New York City can finally have a 42nd Street that welcomes pedestrians with space, greenery, and amenities, combined with speedy and efficient river-to-river travel, via a modern, at-grade, low-floor light rail line. This can be a reality within four short years with the adoption of vision42—an auto-free, light rail boulevard.
New York is unique among American cities in its size and extraordinary diversity. It remains a city scaled for pedestrians, while most other urban environments on our continent have been redesigned for cars. The vitality and intensity of New York derive in large part from this very human scale of circulation and activity. Public transportation is used in far greater numbers in New York than in any other American city; some 85 percent of daily commuters to midtown Manhattan arrive there by train, bus, or ferry, and most proceed to their ultimate destination on foot or by local transit.
And yet, very little has been done over the past half century to improve our city’s environment for either walking or surface transit. Forty-second Street—where half a million pedestrians come every day, and where pedestrians outnumber motorists by at least 5 to 1—is an excellent place to start!
Today’s crosstown bus transit in Manhattan is often slower than walking, and the need for better crosstown circulation has long been recognized. A previous plan to re-introduce light rail on 42nd Street was advanced by the 42nd Street Development Corporation and the City’s Department of Transportation, and was approved overwhelmingly in 1994 by the City Council. It called for converting the southern half of the street into a transitway, while retaining westbound traffic. That proposal would have provided an important upgrading of surface transit, but did not address the need to improve the walking environment — and this is becoming an increasingly critical issue because of all the new and newly planned developments along 42nd Street. The sidewalks are becoming increasingly congested with every new development.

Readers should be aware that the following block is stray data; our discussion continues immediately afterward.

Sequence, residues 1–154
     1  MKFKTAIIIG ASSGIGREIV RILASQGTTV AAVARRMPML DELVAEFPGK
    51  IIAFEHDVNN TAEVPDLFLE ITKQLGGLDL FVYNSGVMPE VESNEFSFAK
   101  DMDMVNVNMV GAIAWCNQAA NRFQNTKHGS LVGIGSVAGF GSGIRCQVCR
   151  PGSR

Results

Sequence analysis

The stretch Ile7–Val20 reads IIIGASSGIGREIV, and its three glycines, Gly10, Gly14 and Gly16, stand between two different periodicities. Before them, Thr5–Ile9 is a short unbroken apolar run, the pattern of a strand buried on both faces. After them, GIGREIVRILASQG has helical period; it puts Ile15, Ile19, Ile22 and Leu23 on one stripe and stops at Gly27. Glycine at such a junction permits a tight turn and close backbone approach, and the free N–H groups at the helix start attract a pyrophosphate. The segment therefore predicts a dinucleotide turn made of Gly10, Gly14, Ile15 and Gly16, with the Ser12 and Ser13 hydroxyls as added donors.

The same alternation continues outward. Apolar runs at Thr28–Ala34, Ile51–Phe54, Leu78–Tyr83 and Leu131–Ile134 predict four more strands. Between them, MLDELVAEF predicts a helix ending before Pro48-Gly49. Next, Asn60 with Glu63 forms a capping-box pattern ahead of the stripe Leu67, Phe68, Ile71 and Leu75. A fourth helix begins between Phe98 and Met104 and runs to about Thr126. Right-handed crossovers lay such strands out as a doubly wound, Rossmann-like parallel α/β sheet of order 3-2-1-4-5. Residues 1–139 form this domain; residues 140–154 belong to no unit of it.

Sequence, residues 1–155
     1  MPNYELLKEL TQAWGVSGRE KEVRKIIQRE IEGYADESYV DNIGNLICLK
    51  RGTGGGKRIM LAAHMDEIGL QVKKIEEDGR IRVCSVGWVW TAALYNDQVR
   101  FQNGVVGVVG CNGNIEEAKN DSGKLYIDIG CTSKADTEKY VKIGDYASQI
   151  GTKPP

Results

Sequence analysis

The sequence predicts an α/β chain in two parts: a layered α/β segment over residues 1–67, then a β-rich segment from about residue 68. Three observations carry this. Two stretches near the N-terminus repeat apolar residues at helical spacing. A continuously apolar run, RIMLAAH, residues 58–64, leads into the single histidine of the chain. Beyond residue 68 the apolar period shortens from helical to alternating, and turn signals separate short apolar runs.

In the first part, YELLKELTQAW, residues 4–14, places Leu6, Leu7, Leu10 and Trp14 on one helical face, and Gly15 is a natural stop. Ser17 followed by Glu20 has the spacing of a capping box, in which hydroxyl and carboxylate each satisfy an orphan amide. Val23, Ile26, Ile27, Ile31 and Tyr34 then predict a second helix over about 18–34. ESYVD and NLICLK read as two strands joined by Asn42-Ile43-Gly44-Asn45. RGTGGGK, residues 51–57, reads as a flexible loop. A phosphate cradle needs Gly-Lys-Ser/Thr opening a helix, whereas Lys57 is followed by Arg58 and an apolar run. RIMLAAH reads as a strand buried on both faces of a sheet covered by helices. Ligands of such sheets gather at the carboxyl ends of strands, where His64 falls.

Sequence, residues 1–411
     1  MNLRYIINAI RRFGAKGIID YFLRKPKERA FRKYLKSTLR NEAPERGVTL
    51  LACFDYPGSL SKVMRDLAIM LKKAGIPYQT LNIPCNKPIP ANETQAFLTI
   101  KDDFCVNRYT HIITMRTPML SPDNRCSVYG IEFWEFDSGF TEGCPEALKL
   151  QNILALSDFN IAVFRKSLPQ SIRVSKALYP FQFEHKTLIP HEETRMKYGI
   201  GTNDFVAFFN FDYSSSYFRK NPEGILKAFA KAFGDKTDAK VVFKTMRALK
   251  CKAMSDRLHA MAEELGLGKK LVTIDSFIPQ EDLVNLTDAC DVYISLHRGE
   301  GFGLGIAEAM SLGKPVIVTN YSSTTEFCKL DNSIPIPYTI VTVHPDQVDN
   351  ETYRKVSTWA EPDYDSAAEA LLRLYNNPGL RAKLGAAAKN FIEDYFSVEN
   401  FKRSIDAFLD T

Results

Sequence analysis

By eliminating traffic in both directions, and incorporating substantial pedestrian amenities into its long-awaited 42nd Street light rail plan, New York City can finally make this transportation improvement a reality. Not only will the absence of cars dramatically upgrade the walking experience, the light rail vehicles will also flow more freely without interference from other forms of traffic. This is a winning combination that, not surprisingly, has become the norm in progressive cities around the world.
Pairs of light rail stops would occur at each major north/south avenue, resulting in twelve pairs of stops along the length of 42nd Street, plus two pairs of stops at each of the far eastern and western extremities along the rivers. Planters could be added as partial safety barriers at appropriate locations — a matter of careful design study.
With the traffic diverted to nearby streets and avenues, 42nd Street’s curbs can be eliminated, reducing tripping hazards and allowing space for outdoor restaurants, cafés, and other pedestrian amenities in front of the shops. The street surface can be rebuilt with special paving, which can be sloped up about a foot to create station platforms, since the low floors of modern light rail vehicles are only about a foot above grade. In Times Square, where the visibility of marquees is important, landscaping will be low-lying, in planters.